Hypselodoris confetti Gosliner & R. Johnson in Epstein et al., 2018|
I was a little confused about the ID of this critter, originally thinking it was Hypselodoris roo Gosliner & R. Johnson in Epstein et al., 2018 (page 190 in NSSI 2nd Ed.), so I asked for help from the senior author of the species, Dr. Terry Gosliner. Well was I surprised when Terry wrote back indicating that Jim's critter is actually a similar species named in the same paper - Hypselodoris confetti.
So what the difference? Apparently Jim's photo is of specimen that is much darker than the photo in NSSI. Both have numerous yellow and black spots, but the key external characteristic are the coloration of the gill and rhinophores. Note the gill and rhinophores of H. roo are uniform red, with a yellow spot midway, while those of H. confetti have blue-black at the base and red tips.
The authors also point out that this species is similar to Hypselodoris kanga and H. roo (get it - "kangaroo" - these guys have a real sense of humor) but with yellow, purple and black spots rather than purple lines on the notum; also like H. kanga has blue rather than red on the gill.
All are fairly large species measuring 45-50 mm in length and occur together in the Western Pacific.
I think I would have named with species "confusa" rather than "confetti."
Epstein, Hannah & Hallas, Joshua & Johnson, Rebecca & Lopez, Alessandra & Gosliner, Terrence. (2018). Reading between the lines: revealing cryptic species diversity and colour patterns in Hypselodoris nudibranchs (Mollusca: Heterobranchia: Chromodorididae). Zoological Journal of the Linnean Society. 10.1093/zoolinnean/zly048.
Jim on location at Raja Ampat, 2017
Jim Black Retired from US Airways, and now after a merger, American Airlines with 37 years service as a pilot. Jim retired as Captain flying an A330 Airbus Internationally. Diving since 1970, with close to 8000 dives now. Currently shooting a NIkon D800E in a Subal Housing with Ikelite strobes.. Jim uses a Macro Mate, and a Nauticam SMC and its Multiplier for super macro work.
Jim's photography has been featured in a number of books and publications including Helmut Debelius' Nudibranchs and Sea Snails of Gosliner, Behrens and Williams Coral Reef Animals of the Indo-Pacific. A photo of Jim petting a shark in "Sleeping Shark Caves" off Isla Mujeres Island, Mexico, taken by Amy Foster his significant other, recently appeared in Dave Behrens' Diving Guide to Cozumel, Cancun & The Riviera Maja.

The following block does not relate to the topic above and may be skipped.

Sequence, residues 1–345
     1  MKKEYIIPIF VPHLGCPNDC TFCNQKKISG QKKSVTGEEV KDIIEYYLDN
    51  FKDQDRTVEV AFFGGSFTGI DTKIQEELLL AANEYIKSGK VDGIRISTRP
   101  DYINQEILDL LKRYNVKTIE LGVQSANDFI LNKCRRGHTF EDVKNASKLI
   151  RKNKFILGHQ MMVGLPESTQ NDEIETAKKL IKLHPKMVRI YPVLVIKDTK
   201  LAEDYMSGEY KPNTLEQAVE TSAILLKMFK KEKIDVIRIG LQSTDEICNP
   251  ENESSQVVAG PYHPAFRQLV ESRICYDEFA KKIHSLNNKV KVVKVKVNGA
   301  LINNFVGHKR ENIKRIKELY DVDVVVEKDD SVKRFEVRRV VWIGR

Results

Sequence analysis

Jim has also been a major contributor to (1) the New Indo-Pacific Nudibranch and Sea Slug Identification book by Gosliner, Valdez, Behrens (NSSI),(2) Tropical Pacific Reef Creature Identification by Humann & DeLoach,(3) Nudibranchs Encyclopedia by Neville Coleman,(4) Reef Fishes of the East Indies by Gerald Allen and Mark Erdmann, And many other publications.
Jim has been a solid supporter of the Slug Site since day one. His countless contributions put him near the top of the list of photographers who have greatly expanded our knowledge of sea slugs. There are a lot of kids in the formative stage of their education who are getting their first introduction to our sea slug friends via the great photographs Jim and other contributors have made to the site. My hat is off to Jim for making this presentation possible!
Send Jim email at email@example.com
Attention all you Sluggers, and you know who you are!
You will need to jump through a few hoops to get the electronic version as pdf distribution is protected by Adobe ID!! Please read the following to enable reading your electronic purchase!
This new 2nd Edition is updated and reorganized, including 185 new species. Among other features, the new edition includes additional photographs of species, an identification key, and an up-to-date classification reflecting the latest evolutionary relationships. The Indo-Pacific represents the largest expanse of tropical ocean in the world, stretching from the Indian Ocean coast of southern Africa and the Red Sea to the central Pacific of the Hawaiian Islands, Easter Island and the Marquesas.
This region supports the most diverse marine fauna of any place in the world for most groups of marine organisms. The nudibranchs and sea slugs are no exception to this rule; there are about 3,000 described species of these organisms in the world and at least 40% of these have been found exclusively in the Indo-Pacific tropics. This book illustrates 2,138 Indo-Pacific nudibranchs and sea slugs, including many undescribed species.